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Editorial: Respectable reading test scores no reason to relax


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More than 90 percent of Johnson County third-graders passed the state’s mandatory test of reading competency. Many of those who didn’t pass will receive extra instruction and likely will pass the test when it is administered again this summer.

The youngsters’ performance is significant because of the importance of reading in learning. Reading is a foundational skill. That is, it’s one on which all other academic areas rely.

During kindergarten through first grade, students are learning how to learn. After that, they use those skills to learn other subjects. As one teacher put it: Up to Grade 3, students learn to read. From then on, they read to learn.

The test the state administers is the Indiana Reading Evaluation and Determination, or IREAD-3. Indiana began requiring the exam in 2012, and the state’s passing rate improved slightly from 2013. About 86 percent of students tested passed the exam this spring, up from 85 percent last year, according to the Indiana Department of Education.

The goal of the test is to ensure students are reading at grade level before moving on to fourth grade. Research has shown that students who are behind in reading once they move beyond third grade take longer to catch up. Teachers locally and across Indiana agree that students’ reading skills should be tested, but many also worry about the high stakes of the test and don’t believe that one test is an accurate measurement of a student’s abilities.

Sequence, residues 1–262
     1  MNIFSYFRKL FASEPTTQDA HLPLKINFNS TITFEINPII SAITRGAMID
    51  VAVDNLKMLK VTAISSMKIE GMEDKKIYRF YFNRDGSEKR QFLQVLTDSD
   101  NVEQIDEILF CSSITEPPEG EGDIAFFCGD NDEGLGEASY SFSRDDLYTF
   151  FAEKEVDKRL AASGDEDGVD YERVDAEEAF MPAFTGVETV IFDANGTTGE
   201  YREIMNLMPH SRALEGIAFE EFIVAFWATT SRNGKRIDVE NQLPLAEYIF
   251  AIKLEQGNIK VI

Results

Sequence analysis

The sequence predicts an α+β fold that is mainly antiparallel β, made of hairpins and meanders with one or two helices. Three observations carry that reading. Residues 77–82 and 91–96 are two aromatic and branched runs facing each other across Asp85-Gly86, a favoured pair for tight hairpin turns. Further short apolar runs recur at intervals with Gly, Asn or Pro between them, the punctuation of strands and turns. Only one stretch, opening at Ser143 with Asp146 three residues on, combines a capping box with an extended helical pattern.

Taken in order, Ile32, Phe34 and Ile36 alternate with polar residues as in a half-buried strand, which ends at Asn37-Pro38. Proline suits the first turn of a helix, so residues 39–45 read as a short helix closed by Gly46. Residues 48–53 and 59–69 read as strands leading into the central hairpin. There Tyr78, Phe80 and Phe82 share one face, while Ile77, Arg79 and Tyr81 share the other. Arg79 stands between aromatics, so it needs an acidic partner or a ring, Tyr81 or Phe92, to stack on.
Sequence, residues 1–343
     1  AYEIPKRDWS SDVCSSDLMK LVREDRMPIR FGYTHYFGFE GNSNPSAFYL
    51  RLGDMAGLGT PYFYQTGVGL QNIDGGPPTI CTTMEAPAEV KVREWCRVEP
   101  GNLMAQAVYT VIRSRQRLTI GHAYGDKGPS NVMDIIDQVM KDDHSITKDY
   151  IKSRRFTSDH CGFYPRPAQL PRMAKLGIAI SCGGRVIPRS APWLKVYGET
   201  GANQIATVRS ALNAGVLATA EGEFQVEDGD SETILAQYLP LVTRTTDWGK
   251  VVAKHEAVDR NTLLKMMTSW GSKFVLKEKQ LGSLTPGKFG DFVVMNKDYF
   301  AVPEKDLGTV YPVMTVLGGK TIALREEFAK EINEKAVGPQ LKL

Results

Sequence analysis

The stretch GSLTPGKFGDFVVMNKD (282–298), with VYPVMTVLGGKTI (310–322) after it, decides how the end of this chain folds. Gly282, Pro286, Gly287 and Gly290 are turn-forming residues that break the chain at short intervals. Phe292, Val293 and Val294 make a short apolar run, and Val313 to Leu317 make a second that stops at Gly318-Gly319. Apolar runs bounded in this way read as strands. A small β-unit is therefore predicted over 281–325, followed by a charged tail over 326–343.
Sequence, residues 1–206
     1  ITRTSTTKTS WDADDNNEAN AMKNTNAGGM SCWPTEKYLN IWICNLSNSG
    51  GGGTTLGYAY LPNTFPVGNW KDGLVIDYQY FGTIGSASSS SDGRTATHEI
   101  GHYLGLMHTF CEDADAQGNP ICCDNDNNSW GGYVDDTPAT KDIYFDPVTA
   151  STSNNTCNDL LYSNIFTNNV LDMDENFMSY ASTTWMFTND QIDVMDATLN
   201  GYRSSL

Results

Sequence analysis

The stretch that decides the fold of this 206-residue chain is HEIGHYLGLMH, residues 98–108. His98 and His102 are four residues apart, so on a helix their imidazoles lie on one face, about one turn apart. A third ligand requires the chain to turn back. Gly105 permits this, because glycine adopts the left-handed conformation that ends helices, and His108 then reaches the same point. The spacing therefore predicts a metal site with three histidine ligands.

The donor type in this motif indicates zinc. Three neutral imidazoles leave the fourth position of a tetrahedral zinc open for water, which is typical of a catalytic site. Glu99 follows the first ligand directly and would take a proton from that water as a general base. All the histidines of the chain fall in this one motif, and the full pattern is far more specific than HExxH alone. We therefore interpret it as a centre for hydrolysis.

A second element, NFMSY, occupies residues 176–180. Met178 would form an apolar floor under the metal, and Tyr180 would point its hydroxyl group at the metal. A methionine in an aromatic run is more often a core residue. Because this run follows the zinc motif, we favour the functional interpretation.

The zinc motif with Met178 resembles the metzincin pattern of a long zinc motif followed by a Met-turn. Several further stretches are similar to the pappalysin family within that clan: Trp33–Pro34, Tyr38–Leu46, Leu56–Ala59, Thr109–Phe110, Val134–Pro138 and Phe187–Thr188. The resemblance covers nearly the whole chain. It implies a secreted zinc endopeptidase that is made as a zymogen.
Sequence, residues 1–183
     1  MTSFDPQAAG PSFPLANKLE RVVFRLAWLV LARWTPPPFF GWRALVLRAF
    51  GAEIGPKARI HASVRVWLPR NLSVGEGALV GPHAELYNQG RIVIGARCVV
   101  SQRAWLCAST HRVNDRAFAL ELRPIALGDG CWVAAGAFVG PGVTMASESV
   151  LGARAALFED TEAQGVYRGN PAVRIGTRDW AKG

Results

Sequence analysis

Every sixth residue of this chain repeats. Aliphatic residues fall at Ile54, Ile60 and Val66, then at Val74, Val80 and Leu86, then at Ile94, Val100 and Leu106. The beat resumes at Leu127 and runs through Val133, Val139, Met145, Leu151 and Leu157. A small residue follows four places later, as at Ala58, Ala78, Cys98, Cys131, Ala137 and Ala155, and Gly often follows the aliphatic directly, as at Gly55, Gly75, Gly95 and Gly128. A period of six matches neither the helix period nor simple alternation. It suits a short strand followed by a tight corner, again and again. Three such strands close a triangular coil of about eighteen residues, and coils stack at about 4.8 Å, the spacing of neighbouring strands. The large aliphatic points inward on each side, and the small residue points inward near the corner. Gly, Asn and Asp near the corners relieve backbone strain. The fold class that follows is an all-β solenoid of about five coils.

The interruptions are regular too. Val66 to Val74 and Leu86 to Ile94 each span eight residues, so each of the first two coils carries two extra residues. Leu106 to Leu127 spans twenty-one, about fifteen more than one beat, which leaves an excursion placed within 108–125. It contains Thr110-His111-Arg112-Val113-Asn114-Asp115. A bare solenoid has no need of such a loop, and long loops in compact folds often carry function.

Third-graders locally and across Indiana took the IREAD-3 exam in March, and more than 90 percent of the 1,854 Johnson County students who were tested passed. That means they’re reading at or beyond grade level and can move on to fourth-grade reading lessons.

The percentage of students who passed the exam went up for Clark-Pleasant, Edinburgh, Greenwood and Nineveh-Hensley-Jackson schools and fell slightly for Center Grove and Franklin schools. The greatest improvement was at Clark-Pleasant — 94 percent of students passed IREAD-3 this year, up from 90 percent last year and 88 percent in 2012, according to information from the Indiana Department of Education.

Work to ensure students pass the test doesn’t begin in third grade. Teachers typically start tracking students’ reading abilities in kindergarten. That way they can tell earlier if a student is falling behind.

Local elementary schools provide 90 minutes of reading each day for students. If students are behind, they spend more time working with teachers or reading coaches to improve the skills they haven’t mastered. That way, by the time students begin third grade, they’re already caught up and reading at grade level.

While the results of the state test are noteworthy, the scores merely represent what the youngsters should have learned by this point. So there is no room for complacency. Parents and teachers need to continue their efforts to help students improve their reading skills.

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